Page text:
Stock splits

Article Index

What Is a Stock Split?

stock split

Last week, Netflix Inc. (Nasdaq: NFLX) shareholders approved a stock split that will raise the company's share total to 5 billion. This was just 14 months after Google Inc. (Nasdaq: GOOG, GOOGL) held its own stock split in April 2014.

Whenever a major company issues new share we hear the same questions from readers: What is a stock split, and why is this company holding a stock split?

Here is the full breakdown on stock splits and why companies do them...

Apple Stock Split Opens the Door for These 7 Stocks to Follow

The Apple stock split, given the company’s outsized influence, could well inspire a fresh wave of stock splits after years of drought.

Once common, stock splits have become increasing rare over the past decade or so, as companies began to view a lofty stock price as a mark of prestige.

But the Apple stock split, along with other high-profile stock splits this year from MasterCard and Google, seems to be signaling a shift in corporate attitudes.

And at this point, there’s no shortage of high-priced stocks ripe for a split...

Stock Splits Suddenly Getting Cold Shoulder From Wall Street

Once upon a time, Wall Street loved stock splits.

Back in 1997, 102 companies in the S&P 500 did a stock split. Last year there were just 16 down from an average of 35 a year from 2004-2007.

This year there have been just four as of May with four more expected by the end of July.

So why has Wall Street turned a cold shoulder to stock splits?

It may be because strictly speaking, shareholders gain nothing from a stock split.

When a stock splits at 2-1, for instance, it simply doubles the number of shares while cutting the price in half.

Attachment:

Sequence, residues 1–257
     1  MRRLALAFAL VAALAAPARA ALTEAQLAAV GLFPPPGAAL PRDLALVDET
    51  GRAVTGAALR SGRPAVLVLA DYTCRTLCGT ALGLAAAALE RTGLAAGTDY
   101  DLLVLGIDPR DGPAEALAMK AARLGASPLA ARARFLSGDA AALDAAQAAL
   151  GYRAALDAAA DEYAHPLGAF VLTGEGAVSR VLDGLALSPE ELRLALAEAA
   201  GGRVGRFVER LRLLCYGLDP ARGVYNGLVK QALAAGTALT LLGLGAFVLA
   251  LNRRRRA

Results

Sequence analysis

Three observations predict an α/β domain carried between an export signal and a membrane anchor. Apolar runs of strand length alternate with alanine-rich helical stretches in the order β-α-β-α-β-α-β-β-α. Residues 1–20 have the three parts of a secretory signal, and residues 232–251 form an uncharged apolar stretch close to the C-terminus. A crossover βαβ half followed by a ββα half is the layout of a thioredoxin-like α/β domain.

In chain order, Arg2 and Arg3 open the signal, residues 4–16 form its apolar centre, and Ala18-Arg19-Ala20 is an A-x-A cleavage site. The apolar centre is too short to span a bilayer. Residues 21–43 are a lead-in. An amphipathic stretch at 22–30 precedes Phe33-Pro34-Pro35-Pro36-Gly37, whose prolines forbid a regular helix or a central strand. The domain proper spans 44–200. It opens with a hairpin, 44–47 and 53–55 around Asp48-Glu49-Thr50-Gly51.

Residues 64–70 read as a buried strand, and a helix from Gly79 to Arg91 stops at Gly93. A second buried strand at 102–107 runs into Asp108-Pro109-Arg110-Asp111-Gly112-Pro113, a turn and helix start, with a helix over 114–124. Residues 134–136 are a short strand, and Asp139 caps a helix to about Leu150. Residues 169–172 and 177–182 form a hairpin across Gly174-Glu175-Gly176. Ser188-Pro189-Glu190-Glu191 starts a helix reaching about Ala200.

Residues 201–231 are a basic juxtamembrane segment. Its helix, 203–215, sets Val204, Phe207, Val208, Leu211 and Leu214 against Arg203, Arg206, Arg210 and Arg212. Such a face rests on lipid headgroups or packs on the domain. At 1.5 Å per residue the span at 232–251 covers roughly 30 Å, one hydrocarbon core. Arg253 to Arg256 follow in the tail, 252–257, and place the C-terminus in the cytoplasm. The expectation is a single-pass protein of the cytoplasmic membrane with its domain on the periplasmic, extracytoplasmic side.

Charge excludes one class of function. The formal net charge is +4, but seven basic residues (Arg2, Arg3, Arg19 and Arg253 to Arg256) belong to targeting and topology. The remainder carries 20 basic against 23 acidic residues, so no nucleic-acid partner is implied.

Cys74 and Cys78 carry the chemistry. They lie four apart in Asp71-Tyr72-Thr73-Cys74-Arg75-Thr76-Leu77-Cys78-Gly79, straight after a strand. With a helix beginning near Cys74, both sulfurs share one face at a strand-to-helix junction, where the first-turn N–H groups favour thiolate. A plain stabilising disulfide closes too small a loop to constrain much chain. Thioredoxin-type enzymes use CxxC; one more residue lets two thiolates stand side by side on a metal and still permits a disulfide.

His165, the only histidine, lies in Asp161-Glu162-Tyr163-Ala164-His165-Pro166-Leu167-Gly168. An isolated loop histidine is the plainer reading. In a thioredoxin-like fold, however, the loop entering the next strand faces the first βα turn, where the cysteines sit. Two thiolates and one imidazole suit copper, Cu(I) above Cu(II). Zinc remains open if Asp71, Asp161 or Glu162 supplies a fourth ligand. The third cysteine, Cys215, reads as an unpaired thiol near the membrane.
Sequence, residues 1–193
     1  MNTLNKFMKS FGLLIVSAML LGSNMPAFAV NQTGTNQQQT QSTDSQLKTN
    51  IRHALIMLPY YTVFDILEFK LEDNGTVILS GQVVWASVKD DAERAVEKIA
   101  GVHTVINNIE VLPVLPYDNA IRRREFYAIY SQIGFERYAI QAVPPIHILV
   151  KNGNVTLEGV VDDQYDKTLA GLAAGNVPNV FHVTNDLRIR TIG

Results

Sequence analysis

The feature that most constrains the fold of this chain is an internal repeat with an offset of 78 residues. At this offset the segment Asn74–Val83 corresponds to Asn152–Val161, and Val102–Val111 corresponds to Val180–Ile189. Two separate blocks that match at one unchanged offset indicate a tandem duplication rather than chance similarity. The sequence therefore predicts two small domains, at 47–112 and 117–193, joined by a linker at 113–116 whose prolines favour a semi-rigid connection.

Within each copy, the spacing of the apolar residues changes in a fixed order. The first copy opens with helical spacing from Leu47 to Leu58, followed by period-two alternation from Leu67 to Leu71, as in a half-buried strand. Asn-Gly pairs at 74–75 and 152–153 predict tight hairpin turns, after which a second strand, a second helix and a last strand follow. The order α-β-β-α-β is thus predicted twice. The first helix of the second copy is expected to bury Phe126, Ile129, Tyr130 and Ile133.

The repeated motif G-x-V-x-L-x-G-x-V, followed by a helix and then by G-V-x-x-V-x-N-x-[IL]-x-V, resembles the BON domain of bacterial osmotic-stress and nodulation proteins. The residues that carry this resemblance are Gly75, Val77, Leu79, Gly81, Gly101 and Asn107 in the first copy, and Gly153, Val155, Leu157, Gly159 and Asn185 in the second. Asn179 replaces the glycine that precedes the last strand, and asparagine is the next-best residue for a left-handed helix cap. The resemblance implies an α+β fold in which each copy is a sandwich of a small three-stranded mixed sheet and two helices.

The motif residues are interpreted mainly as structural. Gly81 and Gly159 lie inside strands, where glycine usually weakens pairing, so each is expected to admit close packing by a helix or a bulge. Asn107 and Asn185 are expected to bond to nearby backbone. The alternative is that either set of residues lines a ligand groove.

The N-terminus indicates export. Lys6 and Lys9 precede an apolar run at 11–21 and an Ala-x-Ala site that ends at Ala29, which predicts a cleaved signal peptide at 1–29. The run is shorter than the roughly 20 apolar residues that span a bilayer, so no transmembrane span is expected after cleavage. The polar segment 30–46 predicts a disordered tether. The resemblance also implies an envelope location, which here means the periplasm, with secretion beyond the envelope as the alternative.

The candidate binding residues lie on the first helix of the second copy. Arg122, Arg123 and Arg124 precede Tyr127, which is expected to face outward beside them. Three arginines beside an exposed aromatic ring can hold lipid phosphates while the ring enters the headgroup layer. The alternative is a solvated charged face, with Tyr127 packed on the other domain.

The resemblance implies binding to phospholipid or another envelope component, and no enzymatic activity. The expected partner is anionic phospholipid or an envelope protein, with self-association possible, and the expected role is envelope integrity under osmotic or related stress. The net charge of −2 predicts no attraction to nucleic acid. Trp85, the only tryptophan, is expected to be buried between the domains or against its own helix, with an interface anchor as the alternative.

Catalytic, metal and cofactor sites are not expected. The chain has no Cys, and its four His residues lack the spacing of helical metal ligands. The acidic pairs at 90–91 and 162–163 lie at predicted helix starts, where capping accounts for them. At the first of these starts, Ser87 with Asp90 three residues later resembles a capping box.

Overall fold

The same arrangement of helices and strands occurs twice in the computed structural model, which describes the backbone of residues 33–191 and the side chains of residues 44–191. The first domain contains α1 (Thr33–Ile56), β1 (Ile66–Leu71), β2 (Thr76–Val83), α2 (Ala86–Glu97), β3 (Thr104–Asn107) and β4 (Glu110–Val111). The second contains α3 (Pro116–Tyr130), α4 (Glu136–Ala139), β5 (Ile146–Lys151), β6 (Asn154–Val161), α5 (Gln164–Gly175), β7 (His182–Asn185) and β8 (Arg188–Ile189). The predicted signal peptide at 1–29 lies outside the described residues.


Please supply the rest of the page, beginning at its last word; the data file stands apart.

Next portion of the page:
So an investor who holds 50 shares of Company X at $100 a share ends up with 100 shares at $50.

Still, many investors see stock splits as a sign a company is doing well.

In addition, the more affordable price often helps attract more retail investors, and the increase in shares improves liquidity, making the stock easier to trade.

Historically, companies would consider a stock split whenever its stock price climbed over a certain level, such as $100 a share. But attitudes have changed.

"Nobody is scared of a $100 stock or a Google or Apple at $600," Howard Silverblatt, senior analyst art S&P, told MSN Money.

But what changed Wall Street's mind?

One explanation is that many corporate executives today see a lofty stock price as a status symbol, particularly the younger CEOs of tech companies. And some company heads point to the questionable benefits of a stock split.

"Splitting is nothing more than window dressing," Chris Arnold, a spokesman for Chipotle Mexican Grill (NYSE: CMG), told Bloomberg Businessweek. Chipotle has never split its stock, which trades at about $400 share.

But some analysts think sentiment against stock splits started with the collapse of the dot-com bubble in 2000 and deepened with the 2008 financial meltdown.

"There's a reluctance to split a stock after such a decline is still fresh in the collective memory of management," Doug Ramsey, the Minneapolis-based director of research at Leuthold Group LLC, explained to Bloomberg. "A stock split is just an accounting mechanism, but the psychology behind it is, you're not going to do it unless you're confident you're going to trade at an elevated level."

The Consequences of Fewer Stock Splits

Given the mostly cosmetic nature of stock splits, you might think having fewer of them wouldn't matter. But the lack of stock splits has had several consequences.

To continue reading, please click here...